Pre-focus groups were recorded on Zoom and live audio transcripts were created via Zoom. Since all of the post-focus groups were conducted face-to-face they were recorded on a recording device (e.g., Ipad, phone, laptop) and transcribed through the Otter.ai application. Two of the researchers independently coded for themes in the data in order to identify commonalities between the following constructs of the focus group questions: (a) interest and engagement with the curriculum, (b) experiences and perception of PA in the ECE classroom, (c) perceived and actual barriers to including PA in the ECE classroom, and (d) experiences with implementation of the GHMBC PA units. After the commonalities were determined, the themes were categorized from these constructs into micro-themes and were then evaluated for potential high-level interconnectedness in order to aggregate them into final high-order themes [44]. This process was iterative and inclusive of moving between both the raw data and micro-themes a multitude of times in order to accurately capture teachers’ perceptions. Member checking was used via debriefing and discussion of data interpretation to ensure validity and reliability [45]. Transcripts were reviewed multiple times until the point of saturation was met [46].

4. Results

Outcomes revealed three themes that emerged from the pre- and post-focus groups regarding teachers’ perceptions of PA in ECE throughout the GHMBC pilot curriculum. The following themes are described in detail below: (a) teacher and student benefits of and engagement with PA in ECE; (b) shifting the mindset from “fitting it all in” to “making it work with modifications”; and (c) linking it to literacy.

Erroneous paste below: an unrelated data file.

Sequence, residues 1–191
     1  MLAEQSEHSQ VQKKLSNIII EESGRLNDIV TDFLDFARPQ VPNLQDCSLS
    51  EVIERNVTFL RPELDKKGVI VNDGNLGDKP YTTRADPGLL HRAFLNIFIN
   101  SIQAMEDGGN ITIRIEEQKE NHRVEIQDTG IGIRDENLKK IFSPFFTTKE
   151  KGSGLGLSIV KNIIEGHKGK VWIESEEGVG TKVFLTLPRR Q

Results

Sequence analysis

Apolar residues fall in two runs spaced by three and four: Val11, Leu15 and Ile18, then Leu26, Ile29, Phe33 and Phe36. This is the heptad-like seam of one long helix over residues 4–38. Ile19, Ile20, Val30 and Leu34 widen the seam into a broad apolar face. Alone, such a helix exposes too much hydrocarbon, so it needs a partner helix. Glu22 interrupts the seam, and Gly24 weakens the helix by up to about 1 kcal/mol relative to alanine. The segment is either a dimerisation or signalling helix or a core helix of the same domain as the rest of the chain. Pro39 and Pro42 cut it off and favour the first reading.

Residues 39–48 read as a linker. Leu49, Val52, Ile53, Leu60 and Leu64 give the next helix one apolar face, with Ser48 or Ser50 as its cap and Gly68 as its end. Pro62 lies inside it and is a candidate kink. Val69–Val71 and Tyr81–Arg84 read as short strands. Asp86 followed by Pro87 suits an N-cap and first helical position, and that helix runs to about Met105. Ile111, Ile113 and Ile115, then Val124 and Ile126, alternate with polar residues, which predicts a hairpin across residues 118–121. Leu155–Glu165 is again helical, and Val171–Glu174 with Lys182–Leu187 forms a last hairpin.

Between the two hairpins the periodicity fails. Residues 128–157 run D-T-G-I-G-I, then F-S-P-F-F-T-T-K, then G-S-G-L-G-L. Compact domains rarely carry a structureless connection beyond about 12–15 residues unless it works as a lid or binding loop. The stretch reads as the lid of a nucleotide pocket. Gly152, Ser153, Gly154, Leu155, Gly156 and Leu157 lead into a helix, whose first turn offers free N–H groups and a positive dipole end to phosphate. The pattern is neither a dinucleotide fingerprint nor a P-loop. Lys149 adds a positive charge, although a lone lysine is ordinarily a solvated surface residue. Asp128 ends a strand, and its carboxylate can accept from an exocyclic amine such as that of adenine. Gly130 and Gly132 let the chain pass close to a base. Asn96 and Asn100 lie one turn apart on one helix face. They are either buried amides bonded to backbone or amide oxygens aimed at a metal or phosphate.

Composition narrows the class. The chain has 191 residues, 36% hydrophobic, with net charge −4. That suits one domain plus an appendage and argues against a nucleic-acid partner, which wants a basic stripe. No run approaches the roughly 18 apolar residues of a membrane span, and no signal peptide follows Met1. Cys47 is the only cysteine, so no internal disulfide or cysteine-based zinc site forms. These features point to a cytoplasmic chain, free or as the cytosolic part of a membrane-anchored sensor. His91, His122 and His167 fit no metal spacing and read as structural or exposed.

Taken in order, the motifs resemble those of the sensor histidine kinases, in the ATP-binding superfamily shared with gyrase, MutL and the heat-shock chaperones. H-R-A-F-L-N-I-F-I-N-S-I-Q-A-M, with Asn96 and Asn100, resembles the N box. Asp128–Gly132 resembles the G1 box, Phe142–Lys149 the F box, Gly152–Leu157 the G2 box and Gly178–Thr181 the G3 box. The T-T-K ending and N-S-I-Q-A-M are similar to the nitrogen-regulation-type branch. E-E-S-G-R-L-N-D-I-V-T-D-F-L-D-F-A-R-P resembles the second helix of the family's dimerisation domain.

4.1 Teacher and Student Benefits of and Engagement with PA in ECE

During both the pre- and post-focus groups many participants shared that they understood and knew the benefits of PA in the early childhood classroom and were able to experience some of the benefits in their own classrooms as a result of participating in the GHMBC pilot curriculum. While some participants had prior experience utilizing physical activity in their classrooms or were part of the previous year’s GHMBC pilot (2019-2020), other participants who had not previously piloted or had used very little PA in their classrooms revealed that they had high hopes for what the GHMBC pilot curriculum would be able to provide in terms of the benefits and engagement with PA. One teacher noted the following:

I guess I am kind of hoping it will help them develop lifelong skills that they can take with them, but you know it’s good for them to know how to make healthy choices, to exercise daily, and to take care of themselves. And, then I need to take care of myself more too, so, maybe I can get a little of that out of piloting the Growing Healthy Minds, Bodies, and Communities curriculum.

For teachers who had utilized PA in the classroom before, a majority noted the use of videos rather than intentional structured integration of PA into the curriculum. Several teachers mentioned that they incorporated videos such as “Cosmic Kids Yoga,” while others noted that “Move to Learn'' was their go-to choice for getting students moving and engaged throughout the day. One platform that was mentioned by several of the teachers was “Go Noodle” due to students’ engagement with it according to the following teacher’s statement: